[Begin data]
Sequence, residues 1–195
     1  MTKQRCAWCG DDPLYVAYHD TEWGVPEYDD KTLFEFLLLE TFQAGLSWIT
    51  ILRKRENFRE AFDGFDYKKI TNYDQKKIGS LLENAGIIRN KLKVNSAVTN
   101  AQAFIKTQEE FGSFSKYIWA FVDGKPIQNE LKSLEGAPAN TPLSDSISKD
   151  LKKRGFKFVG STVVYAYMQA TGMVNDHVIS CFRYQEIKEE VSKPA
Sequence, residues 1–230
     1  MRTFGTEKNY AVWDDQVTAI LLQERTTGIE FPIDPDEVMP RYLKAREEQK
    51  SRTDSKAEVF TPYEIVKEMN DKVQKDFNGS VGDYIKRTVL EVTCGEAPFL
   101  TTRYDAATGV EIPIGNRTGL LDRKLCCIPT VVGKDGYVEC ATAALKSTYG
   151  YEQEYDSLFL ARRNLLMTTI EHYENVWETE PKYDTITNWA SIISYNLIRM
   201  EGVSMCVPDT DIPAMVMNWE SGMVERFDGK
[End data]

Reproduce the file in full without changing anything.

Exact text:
Sequence, residues 1–195
     1  MTKQRCAWCG DDPLYVAYHD TEWGVPEYDD KTLFEFLLLE TFQAGLSWIT
    51  ILRKRENFRE AFDGFDYKKI TNYDQKKIGS LLENAGIIRN KLKVNSAVTN
   101  AQAFIKTQEE FGSFSKYIWA FVDGKPIQNE LKSLEGAPAN TPLSDSISKD
   151  LKKRGFKFVG STVVYAYMQA TGMVNDHVIS CFRYQEIKEE VSKPA
Sequence, residues 1–230
     1  MRTFGTEKNY AVWDDQVTAI LLQERTTGIE FPIDPDEVMP RYLKAREEQK
    51  SRTDSKAEVF TPYEIVKEMN DKVQKDFNGS VGDYIKRTVL EVTCGEAPFL
   101  TTRYDAATGV EIPIGNRTGL LDRKLCCIPT VVGKDGYVEC ATAALKSTYG
   151  YEQEYDSLFL ARRNLLMTTI EHYENVWETE PKYDTITNWA SIISYNLIRM
   201  EGVSMCVPDT DIPAMVMNWE SGMVERFDGK